Packaging Authenticity and Branding – A Retailers Perspective.
This is the next in a series of posts that I am writing that is focussing different aspects in the retail environment and the implications your decisions will have on your brand if you don’t think things through.
Last week we talked a little bit about pricing tactics and strategies.
Today, I want to focus on package communication and branding. What is your package is actually saying, or trying to say about your brand? Is your messaging authentic? Are you, what you say you are?
What do I mean by this and why the heck am I talking about this now?
This post is more directed to the start-ups and the smaller companies that do not have the millions or tens of millions that big companies have to brand and talk about their products. This is for the little guy that is just trying to get listed and distribution on a shoestring as it were. The packaging of their product is probably going to be their biggest voice for communicating who they are on the shelf.
I had a great product hit my desk the other day that was packaged well, looked great, tasted great, and had a great name. It was a “commodity type” product that had mass appeal so there was no need to educate a consumer from scratch. Easily understood category.
The name chosen should be a great benefit to this brand – really going to make it easy to sell. The name just totally fit and really resonated. I was actually surprised that no one had trademarked the or locked up the name years ago! It just made total sense for this type of product. I really liked it!
Challenge; the name was not accurate – not authentic with respect to what the brand was implying as “origin of product”. The name of, and where the product was actually made, did not match. Had nothing to do with anything!
Typically – not a big deal. For example; “Old El Paso” products are not made in El Paso. People in that particular category probably do not care that the items are not made there. However, the “Old El Paso” brand name is used as a descriptive that describes recipe origins, early product development origins, and a descriptive that tells me that this is “Mexican” or “South West” in feel and taste. So it remains “authentic”. It works.
Another classic was the “Pace Salsa” commercials that poked fun of Salsa implying Mexican or South West origins and yet they were made and from New Jersey or New York! What was Pace implying? If you want “good and true salsa”, gotta come from the South West where they make and eat it, not from the North East! What did someone up there know about salsa!!
The product that I saw from this upstart company that precipitated this writing, was going to have issues within this particular commodity category (specifically in Vancouver and the Pacific North West) as a result of name choice. My feeling is, and was, that this was going to be a huge challenge, as many consumers would question this brands authenticity as there was NO connection with the name and where the product was actually produced.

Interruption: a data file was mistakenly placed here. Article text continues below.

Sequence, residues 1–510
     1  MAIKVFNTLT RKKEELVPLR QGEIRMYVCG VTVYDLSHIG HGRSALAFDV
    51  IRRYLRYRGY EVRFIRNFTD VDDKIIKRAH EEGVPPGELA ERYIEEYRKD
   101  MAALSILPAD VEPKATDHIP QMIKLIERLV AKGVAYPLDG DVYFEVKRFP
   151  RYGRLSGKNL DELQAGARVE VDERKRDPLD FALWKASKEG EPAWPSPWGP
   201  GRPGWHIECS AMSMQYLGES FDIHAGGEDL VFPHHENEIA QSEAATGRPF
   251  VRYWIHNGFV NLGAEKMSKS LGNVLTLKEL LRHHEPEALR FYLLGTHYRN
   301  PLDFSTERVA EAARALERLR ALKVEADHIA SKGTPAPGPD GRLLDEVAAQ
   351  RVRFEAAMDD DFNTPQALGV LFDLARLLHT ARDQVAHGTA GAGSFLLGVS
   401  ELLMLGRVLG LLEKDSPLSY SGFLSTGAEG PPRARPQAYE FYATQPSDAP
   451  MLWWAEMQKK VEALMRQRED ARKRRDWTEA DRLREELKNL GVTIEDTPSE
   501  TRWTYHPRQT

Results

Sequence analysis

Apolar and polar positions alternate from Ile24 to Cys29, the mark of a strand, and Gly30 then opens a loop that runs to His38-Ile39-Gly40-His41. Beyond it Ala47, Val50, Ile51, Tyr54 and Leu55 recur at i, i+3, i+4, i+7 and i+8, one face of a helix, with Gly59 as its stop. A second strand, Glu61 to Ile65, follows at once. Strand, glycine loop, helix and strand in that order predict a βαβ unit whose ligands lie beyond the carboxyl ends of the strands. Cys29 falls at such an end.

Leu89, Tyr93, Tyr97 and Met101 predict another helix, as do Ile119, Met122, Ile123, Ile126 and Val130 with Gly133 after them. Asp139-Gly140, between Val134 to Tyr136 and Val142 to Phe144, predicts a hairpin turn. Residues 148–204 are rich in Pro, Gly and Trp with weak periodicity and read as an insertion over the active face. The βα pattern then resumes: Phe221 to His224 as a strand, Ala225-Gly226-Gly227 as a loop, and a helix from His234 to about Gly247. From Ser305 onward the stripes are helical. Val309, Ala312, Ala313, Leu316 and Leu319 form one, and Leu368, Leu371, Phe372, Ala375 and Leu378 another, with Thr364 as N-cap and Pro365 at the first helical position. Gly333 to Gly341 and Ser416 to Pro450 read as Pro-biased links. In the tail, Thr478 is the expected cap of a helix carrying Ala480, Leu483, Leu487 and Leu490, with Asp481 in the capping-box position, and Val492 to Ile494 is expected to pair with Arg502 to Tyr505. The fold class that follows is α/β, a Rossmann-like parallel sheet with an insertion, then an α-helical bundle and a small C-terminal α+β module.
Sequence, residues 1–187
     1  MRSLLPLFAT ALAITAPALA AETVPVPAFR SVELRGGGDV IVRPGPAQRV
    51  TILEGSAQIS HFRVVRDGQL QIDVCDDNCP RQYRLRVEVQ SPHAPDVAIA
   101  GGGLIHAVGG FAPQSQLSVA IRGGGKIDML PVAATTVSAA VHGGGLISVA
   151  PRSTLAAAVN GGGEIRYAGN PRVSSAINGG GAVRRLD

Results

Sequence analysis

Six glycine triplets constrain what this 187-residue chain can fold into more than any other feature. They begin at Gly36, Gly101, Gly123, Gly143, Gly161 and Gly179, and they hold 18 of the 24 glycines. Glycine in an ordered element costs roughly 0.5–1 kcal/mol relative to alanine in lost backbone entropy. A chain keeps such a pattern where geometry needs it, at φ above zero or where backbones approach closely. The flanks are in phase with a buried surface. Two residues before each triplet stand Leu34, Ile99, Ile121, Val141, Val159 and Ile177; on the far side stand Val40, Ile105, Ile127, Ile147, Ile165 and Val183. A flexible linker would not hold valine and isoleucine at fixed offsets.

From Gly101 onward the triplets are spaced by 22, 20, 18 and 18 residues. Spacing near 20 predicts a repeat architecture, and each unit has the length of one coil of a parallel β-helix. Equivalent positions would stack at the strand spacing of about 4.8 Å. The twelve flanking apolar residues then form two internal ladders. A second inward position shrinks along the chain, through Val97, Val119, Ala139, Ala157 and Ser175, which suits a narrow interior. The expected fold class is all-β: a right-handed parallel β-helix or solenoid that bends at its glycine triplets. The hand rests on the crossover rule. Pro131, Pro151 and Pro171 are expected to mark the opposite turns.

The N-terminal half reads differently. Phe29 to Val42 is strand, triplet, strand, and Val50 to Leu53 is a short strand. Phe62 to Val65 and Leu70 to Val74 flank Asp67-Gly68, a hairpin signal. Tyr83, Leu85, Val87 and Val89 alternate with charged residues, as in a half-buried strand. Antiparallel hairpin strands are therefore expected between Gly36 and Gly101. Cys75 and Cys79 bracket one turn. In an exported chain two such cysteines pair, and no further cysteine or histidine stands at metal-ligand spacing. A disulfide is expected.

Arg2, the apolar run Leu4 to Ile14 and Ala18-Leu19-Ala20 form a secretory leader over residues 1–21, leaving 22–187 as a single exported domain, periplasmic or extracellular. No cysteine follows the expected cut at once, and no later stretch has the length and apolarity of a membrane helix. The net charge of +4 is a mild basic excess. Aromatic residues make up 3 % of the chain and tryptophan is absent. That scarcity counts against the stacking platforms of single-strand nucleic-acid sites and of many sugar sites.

As a consumer of this type of product grouping, there is a large emotional component attached. You want to be drawn into the romance of the product. You want to feel a part of the location and history of the name. Some examples would be “Granville Island Brewery”, “Kicking Horse Coffee”, and “ Salt Spring Coffee”. All of these company names tell me where the product originated and gives me an idea as to maybe the flavours or tastes that I might experience. Whether that is true or not is irrelevant. Perception is reality! It evokes a certain emotion that assists in selling the product in lieu of a massive marketing budget.
I explained to the Vendor, that this was a huge problem for me and I truly believe would be a huge issue with my consumers. In a world where people are trying to make connections with products they use and consume; when I look at your name, and it is a descriptive name that would imply that you come from, or a be made in a specific area; then I expect that that is where you are from or being made. When that does not fit – I may start to question other things about your product, and this is ultimately very damaging to your brand – immediately and potentially forever!
Now, remember, this is not a big deal if you are up front about all of this and you explain this to the consumer. Whether that be on the package / webpage / your media spend etc… Tell people who you are, what your band represents, why you are doing what you are doing, and give me an emotional and compelling reason to buy into you, and buy into your brand. That is being honest and authentic and for the most part, will forgive any short comings in packaging description because you never tried to hide behind it.
However, that is typically not what happens. If you say Salt Spring Island Coffee and you are roasted in Mission and you were born and raised in Toronto, I may ask myself – what the heck are you trying to sell me? What do you know about Salt Spring Island? What do you know or care about what emotions that evokes in me? Etc…… But if you tell me a story as to why the name choice and why you want me to buy you, I may give you a chance.
Again, many will think this is a small deal and really does not matter. Maybe they are right. However, I know from the queries that we get from our consumers, many do care, and this kind of packaging and branding can cause irreparable damage to your brand! Don’t forget the details!
Think about it.
Ciao for now @kootenayborn